[Nameplate] Overcast ~ 25°F  
Feels like: 17°F
Wednesday, Dec. 17, 2014

Commodities Explode as Printing Presses Warm Up

Posted Monday, November 8, 2010, at 8:56 AM

This Wednesday, even as the newly elected Congress campaigned to cut the budget deficit, the Federal Reserve released its plan to inject another $600 billion into the bond market to stimulate the economy. The long-awaited Fed announcement caused a gigantic rally in the commodity and stock markets.

The Federal Reserve decision to stimulate the economy was driven by the continued high unemployment, which has been hovering just under 10% for over a year. In order to accelerate job growth, the Fed announced that it would buy approximately $600 billion of Treasury bonds over eight months. This stimulus is intended to drive down interest rates and expand the money supply.

The immediate response to the Fed's decision was a rapid jump in commodity prices. In the first 48 hours after the announcement on Wednesday afternoon, silver prices surged $2.79 per ounce (+12%) to new 30-year highs and gold raced $73/oz (+6%) higher to new all-time highs. Meanwhile, crude oil spiked $3 per barrel (+4%) higher as copper jolted 22 cents per pound (+6%) higher to 28-month highs.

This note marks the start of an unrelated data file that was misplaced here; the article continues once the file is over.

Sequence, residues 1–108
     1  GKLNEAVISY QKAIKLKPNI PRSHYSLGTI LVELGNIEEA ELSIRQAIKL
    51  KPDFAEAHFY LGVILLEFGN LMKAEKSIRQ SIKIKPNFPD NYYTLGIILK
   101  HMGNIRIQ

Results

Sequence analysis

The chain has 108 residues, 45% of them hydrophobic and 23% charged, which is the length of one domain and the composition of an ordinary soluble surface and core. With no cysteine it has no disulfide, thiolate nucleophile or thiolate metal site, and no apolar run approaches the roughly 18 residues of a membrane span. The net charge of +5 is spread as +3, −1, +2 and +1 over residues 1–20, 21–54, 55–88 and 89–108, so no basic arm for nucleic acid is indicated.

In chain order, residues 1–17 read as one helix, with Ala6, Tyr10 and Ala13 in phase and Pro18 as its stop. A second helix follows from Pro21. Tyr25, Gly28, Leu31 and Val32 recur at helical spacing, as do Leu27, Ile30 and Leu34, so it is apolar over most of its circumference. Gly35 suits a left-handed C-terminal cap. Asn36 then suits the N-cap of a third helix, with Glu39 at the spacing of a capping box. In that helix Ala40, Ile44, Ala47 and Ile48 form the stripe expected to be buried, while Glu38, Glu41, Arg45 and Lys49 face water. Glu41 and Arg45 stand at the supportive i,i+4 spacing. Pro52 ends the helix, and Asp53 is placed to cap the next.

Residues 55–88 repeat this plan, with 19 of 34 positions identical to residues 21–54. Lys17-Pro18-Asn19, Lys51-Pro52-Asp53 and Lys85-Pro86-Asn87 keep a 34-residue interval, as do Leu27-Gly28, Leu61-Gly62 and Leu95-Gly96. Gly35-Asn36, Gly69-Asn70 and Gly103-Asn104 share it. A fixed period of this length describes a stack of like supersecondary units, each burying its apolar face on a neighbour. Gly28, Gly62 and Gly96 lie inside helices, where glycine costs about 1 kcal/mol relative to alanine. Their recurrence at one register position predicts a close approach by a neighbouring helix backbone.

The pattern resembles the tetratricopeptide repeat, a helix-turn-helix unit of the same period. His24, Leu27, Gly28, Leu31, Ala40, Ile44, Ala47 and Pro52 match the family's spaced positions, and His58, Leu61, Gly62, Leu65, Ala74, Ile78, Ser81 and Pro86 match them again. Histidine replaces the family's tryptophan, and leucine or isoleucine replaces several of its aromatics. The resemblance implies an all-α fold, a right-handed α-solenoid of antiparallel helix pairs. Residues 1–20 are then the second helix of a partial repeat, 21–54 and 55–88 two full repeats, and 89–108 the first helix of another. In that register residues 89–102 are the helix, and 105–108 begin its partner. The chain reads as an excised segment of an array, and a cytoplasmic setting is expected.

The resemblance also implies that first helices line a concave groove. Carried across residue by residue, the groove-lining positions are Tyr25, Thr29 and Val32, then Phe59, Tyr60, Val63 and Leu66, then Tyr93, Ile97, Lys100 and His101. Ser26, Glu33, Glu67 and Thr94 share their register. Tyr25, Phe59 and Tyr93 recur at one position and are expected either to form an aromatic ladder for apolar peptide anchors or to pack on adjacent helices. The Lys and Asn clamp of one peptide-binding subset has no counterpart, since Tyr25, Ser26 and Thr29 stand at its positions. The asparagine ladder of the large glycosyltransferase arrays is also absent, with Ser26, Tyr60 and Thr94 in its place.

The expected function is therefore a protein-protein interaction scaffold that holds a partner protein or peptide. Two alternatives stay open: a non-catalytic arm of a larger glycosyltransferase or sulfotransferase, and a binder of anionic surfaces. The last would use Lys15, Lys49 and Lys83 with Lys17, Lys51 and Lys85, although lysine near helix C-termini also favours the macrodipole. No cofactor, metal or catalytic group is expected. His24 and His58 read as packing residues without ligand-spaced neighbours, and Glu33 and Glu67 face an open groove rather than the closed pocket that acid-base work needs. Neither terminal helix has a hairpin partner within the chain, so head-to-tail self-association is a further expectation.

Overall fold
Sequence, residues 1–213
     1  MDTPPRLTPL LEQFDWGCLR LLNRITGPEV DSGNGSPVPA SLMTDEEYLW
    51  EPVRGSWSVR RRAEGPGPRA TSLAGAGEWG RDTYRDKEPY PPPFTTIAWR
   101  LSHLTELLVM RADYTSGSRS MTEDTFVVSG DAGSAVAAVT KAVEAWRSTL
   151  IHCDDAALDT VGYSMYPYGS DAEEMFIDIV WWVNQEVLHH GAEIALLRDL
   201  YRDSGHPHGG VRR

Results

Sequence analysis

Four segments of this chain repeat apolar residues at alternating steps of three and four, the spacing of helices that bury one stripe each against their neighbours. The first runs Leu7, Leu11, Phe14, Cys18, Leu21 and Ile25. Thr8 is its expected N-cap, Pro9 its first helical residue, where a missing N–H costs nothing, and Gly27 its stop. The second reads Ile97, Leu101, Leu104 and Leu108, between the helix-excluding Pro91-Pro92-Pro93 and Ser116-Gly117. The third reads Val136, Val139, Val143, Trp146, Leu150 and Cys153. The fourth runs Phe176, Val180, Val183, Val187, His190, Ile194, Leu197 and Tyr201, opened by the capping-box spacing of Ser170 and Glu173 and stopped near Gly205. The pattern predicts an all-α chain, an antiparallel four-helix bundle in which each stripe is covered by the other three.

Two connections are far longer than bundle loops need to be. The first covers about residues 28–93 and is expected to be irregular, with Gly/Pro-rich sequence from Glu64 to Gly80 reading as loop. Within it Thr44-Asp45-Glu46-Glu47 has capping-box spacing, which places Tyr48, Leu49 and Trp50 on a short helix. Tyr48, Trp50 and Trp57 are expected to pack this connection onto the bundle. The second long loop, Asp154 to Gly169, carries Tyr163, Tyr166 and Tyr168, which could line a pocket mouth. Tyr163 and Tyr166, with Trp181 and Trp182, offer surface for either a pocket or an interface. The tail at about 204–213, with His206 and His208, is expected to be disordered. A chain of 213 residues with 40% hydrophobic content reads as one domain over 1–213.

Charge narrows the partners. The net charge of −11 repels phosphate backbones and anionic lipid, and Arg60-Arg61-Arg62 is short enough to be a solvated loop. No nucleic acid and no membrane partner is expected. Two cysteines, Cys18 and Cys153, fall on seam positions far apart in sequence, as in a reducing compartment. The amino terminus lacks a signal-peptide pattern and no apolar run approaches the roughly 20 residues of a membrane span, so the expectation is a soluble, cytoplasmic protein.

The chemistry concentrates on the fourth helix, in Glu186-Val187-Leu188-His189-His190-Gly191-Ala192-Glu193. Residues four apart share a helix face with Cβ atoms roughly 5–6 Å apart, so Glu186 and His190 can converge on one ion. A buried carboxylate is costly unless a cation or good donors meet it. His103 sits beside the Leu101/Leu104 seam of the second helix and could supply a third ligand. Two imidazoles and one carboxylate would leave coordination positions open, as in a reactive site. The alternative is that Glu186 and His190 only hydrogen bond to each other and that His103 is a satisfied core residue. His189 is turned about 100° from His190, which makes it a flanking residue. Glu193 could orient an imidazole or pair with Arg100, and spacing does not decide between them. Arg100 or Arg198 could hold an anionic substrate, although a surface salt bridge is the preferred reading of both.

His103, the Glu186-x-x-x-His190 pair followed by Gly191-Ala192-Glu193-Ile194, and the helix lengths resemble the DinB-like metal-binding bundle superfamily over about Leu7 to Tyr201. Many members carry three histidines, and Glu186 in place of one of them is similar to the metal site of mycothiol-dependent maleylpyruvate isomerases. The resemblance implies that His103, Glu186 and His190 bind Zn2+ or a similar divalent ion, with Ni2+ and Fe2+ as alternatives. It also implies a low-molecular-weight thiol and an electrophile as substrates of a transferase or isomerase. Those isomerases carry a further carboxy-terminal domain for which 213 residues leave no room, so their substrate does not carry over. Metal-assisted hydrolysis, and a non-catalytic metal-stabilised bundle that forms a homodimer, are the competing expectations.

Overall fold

Food prices were not immune from the buying frenzy as soybeans climbed 58 cents per bushel (+5%), corn popped 17 cents (+3%) and sugar rushed 2.3 cents per pound higher (+7%).

Although the long-term impacts of the stimulus measures are unknown, many traders and investors believe that the Fed's action will continue to support higher commodity prices. This could occur through healthy demand for raw materials or through inflation spurned on by rapid increases in the money supply.

For individual consumers, the recent price swings will likely translate to higher prices at the pump and the grocery store. Even if they go abroad, American will feel the pinch, as the U.S. Dollar has continued to weaken against foreign currencies, slipping 2% in the last 48 hours.



Respond to this blog

Posting a comment requires free registration. If you already have an account, enter your username and password below. Otherwise, click here to register.

Username:

Password:  (Forgot your password?)

Your comments:
Please be respectful of others and try to stay on topic.


Commodity Futures File
Alex Breitinger
Recent posts
Archives
Blog RSS feed [Feed icon]
Comments RSS feed [Feed icon]
Login
Alex Breitinger, a 2009 graduate of DePauw University, is a commodity futures broker with Breitinger & Sons, LLC in Valparaiso. He can be reached at 800-411-FUTURES (3888) or online at www.indianafutures.com.
Hot topics
Corn Prices Sweeten
(0 ~ 4:32 PM, Dec 14)

China on the Rise
(0 ~ 1:20 PM, Dec 5)

OPEC Swamps Crude Prices
(0 ~ 5:03 PM, Nov 28)

Drivers Warm to Cheap Gasoline
(0 ~ 11:05 AM, Nov 21)

Cold Snap causes Flurry in Commodities
(0 ~ 1:48 PM, Nov 14)